The JRC hosted more than 100 international postgraduate students and young professionals to explore the latest developments in non-animal approaches and their application in various fields such as regulatory toxicology and biomedical research.
The Summer School on "Non-Animal Approaches in Science - Challenges & Future Directions" took place from 21 to 24 May at the JRC in Ispra (Italy). The primary aim was to share knowledge and experience on the latest non-animal approaches used in research and testing including in vitro methods and computational modelling.
In addition, participants explored the evolving role of the Three Rs (Replacement, Reduction and Refinement of animal procedures) in science and policy today within the European Union and beyond.
The action-packed programme combined lectures from top-level experts with a variety of interactive sessions including world cafés, participant debates, polls, a quiz and visits to the in vitro methods facility of the JRC's EU Reference Laboratory for alternatives to animal testing (EURL ECVAM).
Participants came from 34 countries worldwide (including India, Bangladesh, Korea, China, Brazil and Iran) and were selected on the basis of a letter of motivation, and an abstract describing their own work that was presented in poster sessions during the school. A number of supporting organisations generously provided 13 students with travel grants.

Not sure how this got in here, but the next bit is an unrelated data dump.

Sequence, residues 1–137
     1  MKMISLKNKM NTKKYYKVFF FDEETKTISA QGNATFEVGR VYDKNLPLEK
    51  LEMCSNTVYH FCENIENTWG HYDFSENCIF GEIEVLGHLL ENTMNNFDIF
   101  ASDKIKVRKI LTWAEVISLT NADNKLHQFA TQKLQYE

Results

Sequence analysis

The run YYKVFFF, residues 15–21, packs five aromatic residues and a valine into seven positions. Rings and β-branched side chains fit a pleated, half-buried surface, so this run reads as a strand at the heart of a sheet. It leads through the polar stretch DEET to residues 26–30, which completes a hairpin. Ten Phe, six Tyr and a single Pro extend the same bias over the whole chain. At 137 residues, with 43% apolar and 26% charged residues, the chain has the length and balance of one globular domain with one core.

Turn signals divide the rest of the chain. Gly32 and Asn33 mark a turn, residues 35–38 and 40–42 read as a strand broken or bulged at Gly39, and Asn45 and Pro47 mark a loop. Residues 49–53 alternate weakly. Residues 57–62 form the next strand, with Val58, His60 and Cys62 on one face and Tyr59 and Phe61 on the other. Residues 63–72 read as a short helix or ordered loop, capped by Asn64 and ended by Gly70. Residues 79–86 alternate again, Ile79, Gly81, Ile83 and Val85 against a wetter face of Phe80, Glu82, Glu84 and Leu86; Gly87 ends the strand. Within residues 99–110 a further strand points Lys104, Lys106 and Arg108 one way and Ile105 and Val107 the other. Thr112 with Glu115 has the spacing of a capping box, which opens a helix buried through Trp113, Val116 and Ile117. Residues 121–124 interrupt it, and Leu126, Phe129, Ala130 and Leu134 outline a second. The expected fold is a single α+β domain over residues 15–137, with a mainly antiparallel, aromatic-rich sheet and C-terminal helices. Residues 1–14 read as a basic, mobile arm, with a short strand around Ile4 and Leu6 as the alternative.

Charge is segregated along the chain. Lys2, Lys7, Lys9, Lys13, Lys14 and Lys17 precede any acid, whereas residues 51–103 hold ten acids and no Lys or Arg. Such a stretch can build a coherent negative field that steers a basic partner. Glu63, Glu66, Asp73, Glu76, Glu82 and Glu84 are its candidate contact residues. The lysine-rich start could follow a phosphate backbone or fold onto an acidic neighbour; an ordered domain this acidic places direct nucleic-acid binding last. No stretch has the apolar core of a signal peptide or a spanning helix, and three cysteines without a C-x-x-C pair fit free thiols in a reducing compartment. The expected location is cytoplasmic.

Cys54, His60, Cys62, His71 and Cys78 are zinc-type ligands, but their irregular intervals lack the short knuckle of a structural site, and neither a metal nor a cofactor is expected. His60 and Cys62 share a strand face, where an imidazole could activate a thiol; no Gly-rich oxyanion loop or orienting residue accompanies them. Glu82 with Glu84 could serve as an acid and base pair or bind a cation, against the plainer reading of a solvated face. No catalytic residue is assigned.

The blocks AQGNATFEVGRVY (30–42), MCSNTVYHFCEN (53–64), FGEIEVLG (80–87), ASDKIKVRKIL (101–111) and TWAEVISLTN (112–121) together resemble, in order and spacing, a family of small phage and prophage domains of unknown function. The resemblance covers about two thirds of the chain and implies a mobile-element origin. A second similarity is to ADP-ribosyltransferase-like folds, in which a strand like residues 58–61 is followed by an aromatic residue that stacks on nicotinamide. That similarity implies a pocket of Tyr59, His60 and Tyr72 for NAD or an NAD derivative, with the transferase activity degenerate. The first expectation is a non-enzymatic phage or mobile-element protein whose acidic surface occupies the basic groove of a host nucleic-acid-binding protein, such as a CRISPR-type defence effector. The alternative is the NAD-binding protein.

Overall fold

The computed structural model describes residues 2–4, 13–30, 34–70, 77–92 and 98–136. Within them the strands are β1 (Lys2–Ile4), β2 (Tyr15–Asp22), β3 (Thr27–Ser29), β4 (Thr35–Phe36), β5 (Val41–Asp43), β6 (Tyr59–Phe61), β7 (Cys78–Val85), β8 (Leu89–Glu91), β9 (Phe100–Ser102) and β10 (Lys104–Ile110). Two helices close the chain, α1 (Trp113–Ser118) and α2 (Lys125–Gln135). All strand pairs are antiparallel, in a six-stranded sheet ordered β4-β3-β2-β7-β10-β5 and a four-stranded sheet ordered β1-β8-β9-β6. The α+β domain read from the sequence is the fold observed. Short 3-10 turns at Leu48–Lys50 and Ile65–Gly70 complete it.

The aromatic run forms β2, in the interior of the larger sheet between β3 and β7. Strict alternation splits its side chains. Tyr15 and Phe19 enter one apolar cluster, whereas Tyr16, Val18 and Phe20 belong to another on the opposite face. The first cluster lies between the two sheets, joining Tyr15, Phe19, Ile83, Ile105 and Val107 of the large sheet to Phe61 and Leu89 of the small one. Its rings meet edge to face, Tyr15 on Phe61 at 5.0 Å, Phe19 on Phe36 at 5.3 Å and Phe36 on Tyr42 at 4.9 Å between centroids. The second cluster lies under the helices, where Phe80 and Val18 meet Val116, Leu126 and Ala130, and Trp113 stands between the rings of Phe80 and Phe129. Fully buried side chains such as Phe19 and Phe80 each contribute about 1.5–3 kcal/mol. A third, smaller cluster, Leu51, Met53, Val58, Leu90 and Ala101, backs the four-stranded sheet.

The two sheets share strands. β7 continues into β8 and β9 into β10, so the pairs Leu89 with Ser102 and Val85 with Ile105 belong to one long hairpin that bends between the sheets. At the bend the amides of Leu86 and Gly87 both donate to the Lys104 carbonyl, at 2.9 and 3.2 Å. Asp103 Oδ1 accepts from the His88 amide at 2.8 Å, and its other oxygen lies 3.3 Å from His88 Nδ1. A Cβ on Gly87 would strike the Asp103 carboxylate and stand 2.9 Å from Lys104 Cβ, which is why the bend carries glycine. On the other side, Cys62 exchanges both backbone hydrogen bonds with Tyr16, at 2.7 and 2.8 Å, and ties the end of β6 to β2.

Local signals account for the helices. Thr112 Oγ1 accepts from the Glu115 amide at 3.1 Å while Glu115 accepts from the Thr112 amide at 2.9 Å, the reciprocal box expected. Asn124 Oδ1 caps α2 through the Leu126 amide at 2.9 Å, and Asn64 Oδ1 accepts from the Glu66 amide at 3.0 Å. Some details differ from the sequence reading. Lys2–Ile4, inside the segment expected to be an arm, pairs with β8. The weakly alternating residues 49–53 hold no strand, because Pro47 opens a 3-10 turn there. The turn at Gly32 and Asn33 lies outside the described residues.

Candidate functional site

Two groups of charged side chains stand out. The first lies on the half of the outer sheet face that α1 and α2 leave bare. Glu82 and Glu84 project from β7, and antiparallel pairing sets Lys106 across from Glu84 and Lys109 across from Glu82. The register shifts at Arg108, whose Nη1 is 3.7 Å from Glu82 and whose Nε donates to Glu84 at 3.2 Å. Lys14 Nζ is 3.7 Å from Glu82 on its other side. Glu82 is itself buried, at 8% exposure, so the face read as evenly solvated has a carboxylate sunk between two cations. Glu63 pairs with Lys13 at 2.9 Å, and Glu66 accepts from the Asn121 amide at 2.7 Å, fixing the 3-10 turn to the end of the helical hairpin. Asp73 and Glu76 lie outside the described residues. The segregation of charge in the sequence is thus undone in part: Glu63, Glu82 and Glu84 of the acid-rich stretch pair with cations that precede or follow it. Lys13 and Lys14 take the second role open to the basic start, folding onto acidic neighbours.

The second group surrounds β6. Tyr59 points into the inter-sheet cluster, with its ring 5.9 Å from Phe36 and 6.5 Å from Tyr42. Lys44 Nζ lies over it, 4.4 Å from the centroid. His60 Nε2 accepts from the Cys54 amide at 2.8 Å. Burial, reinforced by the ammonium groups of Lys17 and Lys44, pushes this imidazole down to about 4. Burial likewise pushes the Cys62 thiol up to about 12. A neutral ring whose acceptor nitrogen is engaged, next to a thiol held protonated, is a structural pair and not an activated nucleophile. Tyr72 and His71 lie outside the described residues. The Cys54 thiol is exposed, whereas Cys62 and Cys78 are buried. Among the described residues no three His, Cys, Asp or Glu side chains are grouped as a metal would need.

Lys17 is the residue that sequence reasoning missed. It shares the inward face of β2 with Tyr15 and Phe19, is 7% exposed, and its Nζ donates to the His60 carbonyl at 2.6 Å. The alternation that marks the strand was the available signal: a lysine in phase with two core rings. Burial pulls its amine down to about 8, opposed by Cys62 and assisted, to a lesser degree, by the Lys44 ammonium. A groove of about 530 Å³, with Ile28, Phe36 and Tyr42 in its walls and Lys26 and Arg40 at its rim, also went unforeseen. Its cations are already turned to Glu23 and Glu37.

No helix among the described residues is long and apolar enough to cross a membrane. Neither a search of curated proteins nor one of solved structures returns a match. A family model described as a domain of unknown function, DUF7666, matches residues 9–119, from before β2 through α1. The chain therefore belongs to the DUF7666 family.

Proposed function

"These very talented young scientists and professionals represent key enablers and decision-makers of the future", comments JRC scientist Brigitte Landesmann, from the JRC's Chemical Safety and Alternative Methods unit and EURL ECVAM who organised the event.
"We want to encourage and help them to become champions in shifting the paradigm so that society can benefit from excellent, relevant and impactful science that doesn't need animals."
JRC activities on education & training
The first JRC Summer School on the theme of alternative methods took place in May 2017. These are part of a series of initiatives undertaken by the JRC in the field of education and training relevant to the Three Rs. A JRC study showed indeed that although much knowledge exists on non-animal approaches, there is a clear need for better education, communication and outreach to enhance knowledge sharing and promote their uptake.
The JRC is also completing an extensive overview of the Three Rs education and training landscape by mapping currently available courses and resources worldwide. The inventory and the accompanying study will be made available soon through the JRC Science Hub and the JRC Data Catalogue.